Frequency of recurrent ST-elevation myocardial infarction after fibrinolytic therapy in a different territory as a manifestation of multiple unstable coronary arterial plaques

John J. Edmond, John K. French, Ralph A.H. Stewart, Philip A. Aylward, Carmen G. De Pasquale, Barbara F. Williams, Rachel L. O'Connell, R. John Simes, Harvey D. White

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7 Citations (Scopus)


Multiple unstable plaques have been demonstrated by various imaging techniques in culprit and nonculprit arteries in patients with acute coronary syndromes, but the frequency with which clinical manifestations of multiple unstable plaques occur is unclear. To estimate this frequency in patients who present within 6 hours with ST-elevation myocardial infarction, we studied electrocardiograms and cardiac marker levels of 722 patients with suspected reinfarction in the HERO-2 trial of 17,073 patients; this trial compared intravenous bivalirudin with unfractionated heparin before administration of streptokinase. Twenty-six patients (3.6%) developed recurrent ST elevation in a different territory. Of all the patients who developed ST elevation in a different territory, 50% (13 of 26) did so during the 48 hours of randomized antithrombin therapy compared with 29% (140 of 487) of those who developed recurrent ST elevation in the index territory (p = 0.046). Recurrent index territory ST elevation occurred in 392 of 552 patients (71%) with confirmed reinfarction, and ST elevation in a new territory occurred in 21 patients (3.8%) with confirmed reinfarction (2.3% and 0.12% of all HERO-2 enrollees, respectively). These data suggest that clinical manifestation of multiple unstable plaques of recurrent ST elevation and reinfarction in a territory different from that of the index ST elevation myocardial infarction after intravenous fibrinolytic and antithrombin therapies is rare.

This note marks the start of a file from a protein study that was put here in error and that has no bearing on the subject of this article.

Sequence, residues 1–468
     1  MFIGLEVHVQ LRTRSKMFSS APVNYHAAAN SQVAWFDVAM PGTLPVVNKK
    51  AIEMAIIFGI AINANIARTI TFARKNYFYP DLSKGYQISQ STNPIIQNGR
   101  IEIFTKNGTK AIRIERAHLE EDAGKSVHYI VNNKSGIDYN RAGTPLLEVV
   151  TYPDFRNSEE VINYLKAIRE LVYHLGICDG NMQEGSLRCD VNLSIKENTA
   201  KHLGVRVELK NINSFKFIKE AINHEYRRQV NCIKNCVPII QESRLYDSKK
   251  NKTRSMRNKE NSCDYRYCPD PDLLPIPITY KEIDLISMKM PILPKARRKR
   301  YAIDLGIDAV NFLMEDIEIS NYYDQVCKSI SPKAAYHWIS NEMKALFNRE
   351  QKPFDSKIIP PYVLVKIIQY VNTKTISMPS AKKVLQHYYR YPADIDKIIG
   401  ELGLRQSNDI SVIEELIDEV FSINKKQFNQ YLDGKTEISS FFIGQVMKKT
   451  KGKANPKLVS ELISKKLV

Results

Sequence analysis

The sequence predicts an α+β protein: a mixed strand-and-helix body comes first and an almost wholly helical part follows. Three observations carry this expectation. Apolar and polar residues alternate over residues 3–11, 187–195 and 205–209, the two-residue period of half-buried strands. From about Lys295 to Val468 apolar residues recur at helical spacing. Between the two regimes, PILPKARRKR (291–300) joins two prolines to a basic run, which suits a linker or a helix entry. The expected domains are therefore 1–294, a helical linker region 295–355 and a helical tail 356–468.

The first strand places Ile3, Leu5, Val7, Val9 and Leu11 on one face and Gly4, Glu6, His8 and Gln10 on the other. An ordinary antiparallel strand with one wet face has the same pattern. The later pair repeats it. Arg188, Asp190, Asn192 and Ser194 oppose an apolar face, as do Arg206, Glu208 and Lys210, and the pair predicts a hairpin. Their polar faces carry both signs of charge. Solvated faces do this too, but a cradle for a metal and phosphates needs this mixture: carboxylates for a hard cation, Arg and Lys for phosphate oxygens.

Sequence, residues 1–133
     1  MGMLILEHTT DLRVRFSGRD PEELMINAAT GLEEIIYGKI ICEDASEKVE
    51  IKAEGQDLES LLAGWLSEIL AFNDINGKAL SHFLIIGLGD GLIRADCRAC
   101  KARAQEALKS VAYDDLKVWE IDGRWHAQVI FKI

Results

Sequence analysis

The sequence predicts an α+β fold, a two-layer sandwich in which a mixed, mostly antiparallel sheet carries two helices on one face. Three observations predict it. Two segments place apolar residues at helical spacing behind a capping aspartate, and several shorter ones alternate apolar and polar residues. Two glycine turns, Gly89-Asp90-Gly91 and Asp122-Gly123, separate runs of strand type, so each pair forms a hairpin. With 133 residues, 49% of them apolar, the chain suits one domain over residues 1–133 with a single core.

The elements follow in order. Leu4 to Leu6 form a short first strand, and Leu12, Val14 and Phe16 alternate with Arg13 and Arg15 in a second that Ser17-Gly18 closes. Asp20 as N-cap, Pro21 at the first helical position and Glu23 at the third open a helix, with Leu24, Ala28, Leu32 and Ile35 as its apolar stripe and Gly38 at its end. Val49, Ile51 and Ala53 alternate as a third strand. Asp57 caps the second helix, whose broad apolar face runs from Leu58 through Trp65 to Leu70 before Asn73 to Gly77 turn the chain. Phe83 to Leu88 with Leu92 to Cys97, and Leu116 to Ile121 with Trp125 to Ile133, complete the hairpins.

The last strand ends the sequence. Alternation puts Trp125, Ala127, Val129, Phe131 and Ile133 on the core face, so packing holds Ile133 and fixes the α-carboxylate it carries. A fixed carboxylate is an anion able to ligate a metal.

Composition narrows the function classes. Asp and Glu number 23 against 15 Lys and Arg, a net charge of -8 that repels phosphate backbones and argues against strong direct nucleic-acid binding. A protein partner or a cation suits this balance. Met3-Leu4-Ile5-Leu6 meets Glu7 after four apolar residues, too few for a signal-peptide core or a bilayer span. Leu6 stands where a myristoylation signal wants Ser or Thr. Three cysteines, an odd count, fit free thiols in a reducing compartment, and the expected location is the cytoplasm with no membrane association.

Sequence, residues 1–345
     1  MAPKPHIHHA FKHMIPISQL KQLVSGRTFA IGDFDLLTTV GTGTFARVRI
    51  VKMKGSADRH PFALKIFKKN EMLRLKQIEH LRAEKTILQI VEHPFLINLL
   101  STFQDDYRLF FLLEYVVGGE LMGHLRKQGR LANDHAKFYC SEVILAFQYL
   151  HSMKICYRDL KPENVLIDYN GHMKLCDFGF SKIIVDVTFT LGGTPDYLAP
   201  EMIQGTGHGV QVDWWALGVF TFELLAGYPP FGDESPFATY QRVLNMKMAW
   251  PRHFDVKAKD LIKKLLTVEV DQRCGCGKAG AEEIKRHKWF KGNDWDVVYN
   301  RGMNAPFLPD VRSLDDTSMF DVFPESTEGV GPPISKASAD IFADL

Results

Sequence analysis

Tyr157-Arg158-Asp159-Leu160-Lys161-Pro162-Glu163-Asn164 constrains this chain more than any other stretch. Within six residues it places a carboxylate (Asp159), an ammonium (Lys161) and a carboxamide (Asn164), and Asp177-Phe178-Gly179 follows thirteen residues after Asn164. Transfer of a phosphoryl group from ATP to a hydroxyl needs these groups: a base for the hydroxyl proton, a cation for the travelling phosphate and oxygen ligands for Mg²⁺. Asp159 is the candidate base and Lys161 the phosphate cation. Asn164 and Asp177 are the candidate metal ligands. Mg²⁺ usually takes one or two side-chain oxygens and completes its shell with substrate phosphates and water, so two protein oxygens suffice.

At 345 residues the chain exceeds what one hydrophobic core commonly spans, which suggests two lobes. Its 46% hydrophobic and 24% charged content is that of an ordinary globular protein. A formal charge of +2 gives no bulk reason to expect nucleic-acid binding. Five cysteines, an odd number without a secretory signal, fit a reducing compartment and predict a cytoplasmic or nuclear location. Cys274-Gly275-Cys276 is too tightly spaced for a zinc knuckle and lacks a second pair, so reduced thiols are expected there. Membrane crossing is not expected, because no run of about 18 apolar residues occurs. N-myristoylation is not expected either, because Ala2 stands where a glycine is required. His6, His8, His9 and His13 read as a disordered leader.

Original languageEnglish
Pages (from-to)947-951
Number of pages5
JournalAmerican Journal of Cardiology
Issue number7
Publication statusPublished or Issued - 1 Apr 2006
Externally publishedYes

ASJC Scopus subject areas

  • Cardiology and Cardiovascular Medicine

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